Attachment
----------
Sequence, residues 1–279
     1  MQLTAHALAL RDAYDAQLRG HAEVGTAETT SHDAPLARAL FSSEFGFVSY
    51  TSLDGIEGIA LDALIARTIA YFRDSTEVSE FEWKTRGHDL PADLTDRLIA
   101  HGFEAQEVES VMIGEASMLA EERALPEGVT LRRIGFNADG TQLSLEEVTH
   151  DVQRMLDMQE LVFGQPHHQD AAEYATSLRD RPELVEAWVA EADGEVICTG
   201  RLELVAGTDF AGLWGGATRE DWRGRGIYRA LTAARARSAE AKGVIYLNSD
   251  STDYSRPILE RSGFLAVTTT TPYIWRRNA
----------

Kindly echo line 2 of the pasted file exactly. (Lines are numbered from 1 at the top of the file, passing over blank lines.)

     1  MQLTAHALAL RDAYDAQLRG HAEVGTAETT SHDAPLARAL FSSEFGFVSY